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At EcoWatch, our team knows that changing personal habits and taking actions that contribute to a better planet is an ongoing journey. Earth Day, happening on April 22, is a great reminder for all of us to learn more about the environmental costs of our behaviors like food waste or fast fashion.

To offer readers some inspiration this Earth Day, our team rounded up their top picks for films to watch. So, sit back and take in one of these documentary films this Earth Day. Maybe it will spark a small change you can make in your own life.

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Aerial of farmland and mountains near Seaward Kaikoura Range in New Zealand. David Wall Photo / Lonely Planet Images / Getty Images Plus

By Jordan Davidson

New Zealand's pristine image as a haven of untouched forests and landscapes was tarnished this week by a brand new government report. The Environment Aotearoa 2019 painted a bleak image of the island nation's environment and its future prospects.

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EcoWatch Daily Newsletter

Mike Taube / Getty Images

If you are looking for something to do this Easter weekend, why not visit your nearest national park? All sites run by the National Park Service (NPS) will be free Saturday, April 20 as this year's National Park Week kicks off, USA Today reported.

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A mountain woodland caribou bull in the Muskwa-Kechika Wilderness area in northern British Columbia, Canada. John E Marriott / All Canada Photos / Getty Images

It's heartening, in the midst of the human-caused sixth mass extinction, to find good wildlife recovery news. As plant and animal species disappear faster than they have for millions of years, Russia's Siberian, or Amur, tigers are making a comeback. After falling to a low of just a few dozen in the mid-20th century, the tigers now number around 500, with close to 100 cubs — thanks to conservation measures that include habitat restoration and an illegal hunting crackdown.

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Bystanders watch along the Seine as a fire burns in Notre Dame cathedral Monday evening. FOUAD MAGHRANE / AFP / Getty Images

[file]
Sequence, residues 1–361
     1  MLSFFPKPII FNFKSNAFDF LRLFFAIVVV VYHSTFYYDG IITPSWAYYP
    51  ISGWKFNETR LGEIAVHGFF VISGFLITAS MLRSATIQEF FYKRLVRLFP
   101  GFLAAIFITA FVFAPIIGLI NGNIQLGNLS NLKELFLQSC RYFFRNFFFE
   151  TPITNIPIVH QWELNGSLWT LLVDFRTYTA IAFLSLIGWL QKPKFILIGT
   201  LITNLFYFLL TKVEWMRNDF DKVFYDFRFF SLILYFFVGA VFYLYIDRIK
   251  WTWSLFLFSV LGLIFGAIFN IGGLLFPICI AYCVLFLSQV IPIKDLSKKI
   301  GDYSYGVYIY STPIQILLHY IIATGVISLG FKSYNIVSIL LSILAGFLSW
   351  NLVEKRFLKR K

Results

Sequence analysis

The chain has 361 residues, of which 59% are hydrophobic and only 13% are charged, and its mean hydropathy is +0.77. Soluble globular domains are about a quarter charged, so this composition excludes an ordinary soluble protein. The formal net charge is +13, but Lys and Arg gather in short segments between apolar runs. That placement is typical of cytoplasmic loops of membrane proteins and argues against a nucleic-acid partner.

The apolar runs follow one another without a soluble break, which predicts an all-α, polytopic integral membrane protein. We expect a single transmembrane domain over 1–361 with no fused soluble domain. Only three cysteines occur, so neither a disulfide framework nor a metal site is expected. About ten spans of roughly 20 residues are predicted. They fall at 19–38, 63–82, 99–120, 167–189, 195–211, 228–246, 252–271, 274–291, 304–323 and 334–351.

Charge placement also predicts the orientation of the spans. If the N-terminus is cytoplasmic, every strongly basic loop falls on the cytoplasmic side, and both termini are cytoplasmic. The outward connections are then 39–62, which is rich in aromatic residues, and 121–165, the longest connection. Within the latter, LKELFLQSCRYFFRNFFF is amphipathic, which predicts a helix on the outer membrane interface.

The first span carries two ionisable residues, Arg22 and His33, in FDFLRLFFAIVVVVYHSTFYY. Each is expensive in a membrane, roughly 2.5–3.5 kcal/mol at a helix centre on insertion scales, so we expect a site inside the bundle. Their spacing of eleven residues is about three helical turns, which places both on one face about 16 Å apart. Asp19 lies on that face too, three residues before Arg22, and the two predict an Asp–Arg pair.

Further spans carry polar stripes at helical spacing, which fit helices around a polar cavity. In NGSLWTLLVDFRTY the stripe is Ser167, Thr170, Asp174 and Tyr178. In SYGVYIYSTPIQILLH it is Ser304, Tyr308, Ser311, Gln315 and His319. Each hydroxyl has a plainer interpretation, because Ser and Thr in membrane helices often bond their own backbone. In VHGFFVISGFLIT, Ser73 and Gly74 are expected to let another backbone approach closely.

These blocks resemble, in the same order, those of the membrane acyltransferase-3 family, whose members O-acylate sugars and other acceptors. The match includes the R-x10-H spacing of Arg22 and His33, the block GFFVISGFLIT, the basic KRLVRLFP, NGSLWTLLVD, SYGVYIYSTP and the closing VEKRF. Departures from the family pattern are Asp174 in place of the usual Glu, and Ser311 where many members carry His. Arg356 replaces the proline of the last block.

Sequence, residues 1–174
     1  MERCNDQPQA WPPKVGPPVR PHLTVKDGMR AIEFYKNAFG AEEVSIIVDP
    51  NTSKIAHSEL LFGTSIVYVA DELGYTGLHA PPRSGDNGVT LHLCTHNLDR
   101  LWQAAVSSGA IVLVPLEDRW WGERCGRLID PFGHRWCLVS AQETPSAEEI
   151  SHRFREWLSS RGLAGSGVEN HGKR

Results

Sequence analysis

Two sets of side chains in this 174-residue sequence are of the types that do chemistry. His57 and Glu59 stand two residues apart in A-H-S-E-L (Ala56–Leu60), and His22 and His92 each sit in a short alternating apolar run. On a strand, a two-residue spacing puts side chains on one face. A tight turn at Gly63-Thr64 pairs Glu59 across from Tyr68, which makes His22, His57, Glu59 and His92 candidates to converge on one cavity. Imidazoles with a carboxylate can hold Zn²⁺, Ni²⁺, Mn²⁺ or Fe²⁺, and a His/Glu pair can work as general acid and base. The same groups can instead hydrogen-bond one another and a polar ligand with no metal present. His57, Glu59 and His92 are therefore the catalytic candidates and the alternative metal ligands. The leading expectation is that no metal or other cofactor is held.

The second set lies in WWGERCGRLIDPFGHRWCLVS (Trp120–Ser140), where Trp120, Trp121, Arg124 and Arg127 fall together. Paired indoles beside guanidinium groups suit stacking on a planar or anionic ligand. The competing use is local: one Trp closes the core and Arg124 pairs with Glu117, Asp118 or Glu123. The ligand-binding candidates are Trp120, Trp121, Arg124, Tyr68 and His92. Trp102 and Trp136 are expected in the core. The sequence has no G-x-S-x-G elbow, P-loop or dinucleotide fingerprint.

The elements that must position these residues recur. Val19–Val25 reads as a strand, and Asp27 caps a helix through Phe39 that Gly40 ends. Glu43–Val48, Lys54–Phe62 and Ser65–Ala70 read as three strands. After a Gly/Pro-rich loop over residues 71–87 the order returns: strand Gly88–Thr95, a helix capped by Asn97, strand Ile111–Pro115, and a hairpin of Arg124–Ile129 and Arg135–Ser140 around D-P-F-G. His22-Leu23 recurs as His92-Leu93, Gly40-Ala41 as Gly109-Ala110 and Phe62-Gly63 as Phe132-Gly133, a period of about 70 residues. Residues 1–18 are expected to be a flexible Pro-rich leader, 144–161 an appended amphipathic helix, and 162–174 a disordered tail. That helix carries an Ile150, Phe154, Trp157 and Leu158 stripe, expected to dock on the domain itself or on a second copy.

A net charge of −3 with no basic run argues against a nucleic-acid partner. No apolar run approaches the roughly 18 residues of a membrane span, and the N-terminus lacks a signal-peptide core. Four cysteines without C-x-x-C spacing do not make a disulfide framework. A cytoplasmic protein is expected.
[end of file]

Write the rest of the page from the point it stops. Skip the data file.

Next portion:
A fire broke out in Paris' iconic Notre Dame cathedral Monday evening. It burned for almost five hours, destroying two-thirds of the roof and causing its spire to collapse.

The church, which has stood in Paris since the 1200s, has come to embody "the permanence of a nation," Henri Astier wrote for BBC News. It was last seriously damaged during the French Revolution and survived both World Wars.

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Darryl Leniuk / Getty Images

By Katie Day

An emerging concern among ocean scientists, stewards and beachgoers is the impact that certain chemical sunscreens are having on the marine environment. This has led to bans on the sale and use of chemical sunscreens in states and island communities such as Hawaii, Key West and Aruba, and a proposed federal ban in all U.S. National Marine Sanctuaries containing coral reefs. There has also been a surge in the production of "reef friendly" sunscreens — but what does that actually mean, and how safe are these alternative sunscreens to the marine environment?

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In Buchanan County, Virginia, a 2,600-acre former strip mine site is being restored with wildlife in mind: seeding with native plants, removing invasive species, improving the soil and reintroducing an elk population. Leon Boyd

By Mason Adams

The camera wasn't where it was supposed to be. Clad in chest waders and camouflage, Kyle Hill stepped into the pond, reached into the shallow water, and lifted it from the post where it had been mounted. "They got it pretty good," he said.

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The last known female Yangtze giant softshell turtle, who died Saturday. STR / AFP / Getty Images

The last known female Yangtze giant softshell turtle (Rafetus swinhoei) has died, putting the critically endangered species at risk for extinction. There are now only three left in the world.

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Christian Aslund / Greenpeace

By Kaitlin Grable

Under the restless surface of our seas, hundreds of miles from land, there's a world of giants and hunters; ancient lifeforms and lost cities.

These waters beyond national borders are home to creatures even more varied than in the tropical rainforests. They contain the highest and longest mountain range anywhere on our planet, and trenches deep enough to hold Mount Everest. They're the highways for whales, turtles, albatross and tuna on their cross-planet migrations.

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The pangolin is the world's most trafficked mammal. Nigel Dennis / Getty Images

A record number of pangolin scales were seized in Singapore in the past week, drawing renewed attention to the plight of the world's most trafficked mammal.

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Chicago at night. Thomas Hawk / Flickr

An estimated 600 million birds are killed every year from collisions with some of the country's largest skyscrapers, according to research from the Cornell Lab of Ornithology. Particularly deadly are those tall buildings found in three cities in particular.

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